17 June 2011

Ko je ovaj čovek?

As he smashed the feu­dal sys­tem of aris­to­crat­ic priv­ilege and birth, he built a new and unique sys­tem based on in­di­vid­ual mer­it, loy­al­ty, and achieve­ment. He took the dis­joint­ed and lan­guorous trad­ing towns ... and or­ga­nized them in­to his­to­ry’s largest free-​trade zone. He low­ered tax­es for ev­ery­one, and abol­ished them al­to­geth­er for doc­tors, teach­ers, priests, and ed­uca­tion­al in­sti­tu­tions. He es­tab­lished a reg­ular cen­sus and cre­at­ed the first in­ter­na­tion­al postal sys­tem. His was not an em­pire that hoard­ed wealth and trea­sure; in­stead, he wide­ly dis­tribut­ed the goods ac­quired in com­bat so that they could make their way back in­to com­mer­cial cir­cu­la­tion. He cre­at­ed an in­ter­na­tion­al law and rec­og­nized the ul­ti­mate supreme law of the Eter­nal Blue Sky over all peo­ple. At a time when most rulers con­sid­ered them­selves to be above the law, ... in­sist­ed on laws hold­ing rulers as equal­ly ac­count­able as the low­est herder. He grant­ed re­li­gious free­dom with­in his realms, though he de­mand­ed to­tal loy­al­ty from con­quered sub­jects of all re­li­gions. He in­sist­ed on the rule of law and abol­ished tor­ture, but he mount­ed ma­jor cam­paigns to seek out and kill raid­ing ban­dits and ter­ror­ist as­sas­sins. He re­fused to hold hostages and, in­stead, in­sti­tut­ed the nov­el prac­tice of grant­ing diplo­mat­ic im­mu­ni­ty for all am­bas­sadors and en­voys, in­clud­ing those from hos­tile na­tions with whom he was at war.

Iz knjige Genghis Khan and the Making of the Modern World.


Anonymous said...

Ma ko je ovo napisao?

Mongoli su ustanovili vladavinu zakona... Postu...

Pre ce biti teror i neprekidno razaranje!

Sta je to ostalo od Dzingis-kana?

Marko Paunović said...

Zato i jeste zanimljiva knjiga, sto dovodi u pitanje preovladjujuce misljenje.

Evo odgovora autora na pitanje sta je ostalo od Mongola:

The Mon­gols made no tech­no­log­ical break­throughs, found­ed no new re­li­gions, wrote few books or dra­mas, and gave the world no new crops or meth­ods of agri­cul­ture. Their own crafts­men could not weave cloth, cast met­al, make pot­tery, or even bake bread. They man­ufac­tured nei­ther porce­lain nor pot­tery, paint­ed no pic­tures, and built no build­ings. Yet, as their army con­quered cul­ture af­ter cul­ture, they col­lect­ed and passed all of these skills from one civ­iliza­tion to the next.

The on­ly per­ma­nent struc­tures Genghis Khan erect­ed were bridges. Al­though he spurned the build­ing of cas­tles, forts, cities, or walls, as he moved across the land­scape, he prob­ably built more bridges than any ruler in his­to­ry. He spanned hun­dreds of streams and rivers in or­der to make the move­ment of his armies and goods quick­er. The Mon­gols de­lib­er­ate­ly opened the world to a new com­merce not on­ly in goods, but al­so in ideas and knowl­edge. The Mon­gols brought Ger­man min­ers to Chi­na and Chi­nese doc­tors to Per­sia. The trans­fers ranged from the mon­umen­tal to the triv­ial. They spread the use of car­pets ev­ery­where they went and trans­plant­ed lemons and car­rots from Per­sia to Chi­na, as well as noo­dles, play­ing cards, and tea from Chi­na to the West. They brought a met­al­work­er from Paris to build a foun­tain on the dry steppes of Mon­go­lia, re­cruit­ed an En­glish no­ble­man to serve as in­ter­preter in their army, and took the prac­tice of Chi­nese fin­ger­print­ing to Per­sia. They fi­nanced the build­ing of Chris­tian church­es in Chi­na, Bud­dhist tem­ples and stu­pas in Per­sia, and Mus­lim Ko­ran­ic schools in Rus­sia. The Mon­gols swept across the globe as con­querors, but al­so as civ­iliza­tion’s un­ri­valed cul­tur­al car­ri­ers.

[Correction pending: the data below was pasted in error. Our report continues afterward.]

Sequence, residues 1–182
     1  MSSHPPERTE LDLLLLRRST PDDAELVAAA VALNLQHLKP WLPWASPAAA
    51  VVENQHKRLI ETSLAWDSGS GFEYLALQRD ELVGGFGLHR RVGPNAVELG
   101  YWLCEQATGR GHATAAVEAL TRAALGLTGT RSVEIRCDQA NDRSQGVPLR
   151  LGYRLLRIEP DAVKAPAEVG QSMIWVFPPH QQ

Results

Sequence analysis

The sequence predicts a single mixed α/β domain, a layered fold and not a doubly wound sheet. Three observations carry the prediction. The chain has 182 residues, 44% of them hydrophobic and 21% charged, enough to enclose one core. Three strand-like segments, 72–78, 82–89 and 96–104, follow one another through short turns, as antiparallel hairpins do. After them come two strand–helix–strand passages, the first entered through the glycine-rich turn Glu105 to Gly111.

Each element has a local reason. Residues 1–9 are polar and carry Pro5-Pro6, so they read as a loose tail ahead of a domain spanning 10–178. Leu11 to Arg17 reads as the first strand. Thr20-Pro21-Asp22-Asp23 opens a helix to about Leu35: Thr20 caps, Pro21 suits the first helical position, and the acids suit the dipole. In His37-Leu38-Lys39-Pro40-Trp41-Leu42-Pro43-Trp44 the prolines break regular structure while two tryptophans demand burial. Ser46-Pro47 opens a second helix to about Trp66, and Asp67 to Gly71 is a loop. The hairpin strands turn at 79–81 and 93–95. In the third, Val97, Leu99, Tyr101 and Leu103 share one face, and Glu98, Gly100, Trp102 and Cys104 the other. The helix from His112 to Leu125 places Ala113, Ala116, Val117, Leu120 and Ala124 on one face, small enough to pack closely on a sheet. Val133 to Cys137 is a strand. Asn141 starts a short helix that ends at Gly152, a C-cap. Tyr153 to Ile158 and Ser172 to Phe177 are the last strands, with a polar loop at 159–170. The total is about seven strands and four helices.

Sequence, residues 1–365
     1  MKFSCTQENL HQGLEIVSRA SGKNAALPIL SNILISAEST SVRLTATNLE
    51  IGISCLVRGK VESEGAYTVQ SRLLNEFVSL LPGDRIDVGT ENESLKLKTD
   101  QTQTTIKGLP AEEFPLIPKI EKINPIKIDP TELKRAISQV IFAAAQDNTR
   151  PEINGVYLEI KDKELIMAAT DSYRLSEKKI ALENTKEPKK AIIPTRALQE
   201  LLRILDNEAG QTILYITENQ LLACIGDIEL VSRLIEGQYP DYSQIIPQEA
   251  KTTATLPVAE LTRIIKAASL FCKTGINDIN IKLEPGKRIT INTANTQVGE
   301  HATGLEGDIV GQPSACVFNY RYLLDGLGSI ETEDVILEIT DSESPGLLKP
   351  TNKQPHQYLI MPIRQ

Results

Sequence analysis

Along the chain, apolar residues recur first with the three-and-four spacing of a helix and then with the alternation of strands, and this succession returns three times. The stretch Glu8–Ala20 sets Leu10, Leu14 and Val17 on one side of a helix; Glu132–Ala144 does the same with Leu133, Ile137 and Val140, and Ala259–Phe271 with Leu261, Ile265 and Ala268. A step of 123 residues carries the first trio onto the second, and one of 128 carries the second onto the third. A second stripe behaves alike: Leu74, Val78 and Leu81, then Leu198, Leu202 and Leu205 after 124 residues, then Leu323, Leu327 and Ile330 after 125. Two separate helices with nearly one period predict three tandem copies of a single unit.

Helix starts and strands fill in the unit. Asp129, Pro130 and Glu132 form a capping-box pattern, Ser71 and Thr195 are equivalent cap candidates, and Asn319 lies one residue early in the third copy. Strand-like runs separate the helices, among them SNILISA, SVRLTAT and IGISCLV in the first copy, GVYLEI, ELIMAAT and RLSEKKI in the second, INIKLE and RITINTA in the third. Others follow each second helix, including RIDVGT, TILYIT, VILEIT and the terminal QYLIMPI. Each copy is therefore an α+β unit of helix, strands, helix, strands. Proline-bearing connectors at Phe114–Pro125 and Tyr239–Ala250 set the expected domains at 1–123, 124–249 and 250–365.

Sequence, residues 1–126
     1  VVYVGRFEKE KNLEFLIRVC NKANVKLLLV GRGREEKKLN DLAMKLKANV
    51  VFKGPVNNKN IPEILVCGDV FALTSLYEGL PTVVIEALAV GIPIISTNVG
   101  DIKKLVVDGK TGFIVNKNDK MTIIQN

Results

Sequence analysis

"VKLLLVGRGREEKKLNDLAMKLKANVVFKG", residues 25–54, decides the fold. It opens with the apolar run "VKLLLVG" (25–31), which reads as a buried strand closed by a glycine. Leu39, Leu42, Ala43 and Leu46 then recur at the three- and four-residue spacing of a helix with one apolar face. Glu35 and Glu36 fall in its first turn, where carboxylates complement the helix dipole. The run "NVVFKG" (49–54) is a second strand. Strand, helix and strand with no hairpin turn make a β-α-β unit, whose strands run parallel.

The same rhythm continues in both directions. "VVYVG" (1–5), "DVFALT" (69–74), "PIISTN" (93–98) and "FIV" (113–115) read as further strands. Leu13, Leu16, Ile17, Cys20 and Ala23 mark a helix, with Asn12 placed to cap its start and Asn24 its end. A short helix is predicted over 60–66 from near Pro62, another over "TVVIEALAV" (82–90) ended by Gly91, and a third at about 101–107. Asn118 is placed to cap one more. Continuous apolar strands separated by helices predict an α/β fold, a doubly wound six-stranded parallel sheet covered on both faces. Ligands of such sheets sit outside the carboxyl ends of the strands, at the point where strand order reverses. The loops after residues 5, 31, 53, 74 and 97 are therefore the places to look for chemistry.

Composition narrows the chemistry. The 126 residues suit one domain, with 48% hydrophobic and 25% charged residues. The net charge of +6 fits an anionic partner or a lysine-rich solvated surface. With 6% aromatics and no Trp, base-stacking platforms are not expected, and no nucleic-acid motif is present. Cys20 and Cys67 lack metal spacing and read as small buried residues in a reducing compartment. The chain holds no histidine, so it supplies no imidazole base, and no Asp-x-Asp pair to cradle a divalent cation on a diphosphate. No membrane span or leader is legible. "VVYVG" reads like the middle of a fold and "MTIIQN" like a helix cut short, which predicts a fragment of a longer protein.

The Mon­gols who in­her­it­ed Genghis Khan’s em­pire ex­er­cised a de­ter­mined drive to move prod­ucts and com­modi­ties around and to com­bine them in ways that pro­duced en­tire­ly nov­el prod­ucts and un­prece­dent­ed in­ven­tion. When their high­ly skilled en­gi­neers from Chi­na, Per­sia, and Eu­rope com­bined Chi­nese gun­pow­der with Mus­lim flamethrow­ers and ap­plied Eu­ro­pean bell-​cast­ing tech­nol­ogy, they pro­duced the can­non, an en­tire­ly new or­der of tech­no­log­ical in­no­va­tion, from which sprang the vast mod­ern ar­se­nal of weapons from pis­tols to mis­siles. While each item had some sig­nif­icance, the larg­er im­pact came in the way the Mon­gols se­lect­ed and com­bined tech­nolo­gies to cre­ate un­usu­al hy­brids.

Anonymous said...

Uh. Autor je zaljubljen u Mongole, pa su mu zaključci zamagljeni. Pored toga, moram reći da su mi posve novi podaci poput saksonskih rudara u Kini, ili engleskih prevodilaca... To su baš revolucionarni podaci.

Pretpostavljam da je trgovina, razmena dobara i znanja, ono što Vas je navelo da objavite ovaj tekst, ali da skrenem pažnju:
taj je prostor bio itekako živ pre Džingis-kana, sva je prilika i življi pre pojava mongolskih vojski, koje odlikuje razaranje velikih gradova, teror i pokolj.

Speaker said...

Meni je dosta da su se Mongoli napili krvi Rusima, i to je dovoljna zasluga da im ja budem zahvalan :)) Usput, bili su uspešni i na drugim frontovima, genetičari kažu da, sa vrlo velikom verovatnoćom, jer nosi jedan karakterističan genetski marker koji je lako pratiti, Džingis-kanova loza danas ima preko osamnaest miliona potomaka širom sveta, a ponajviše, naravno, u Aziji :)))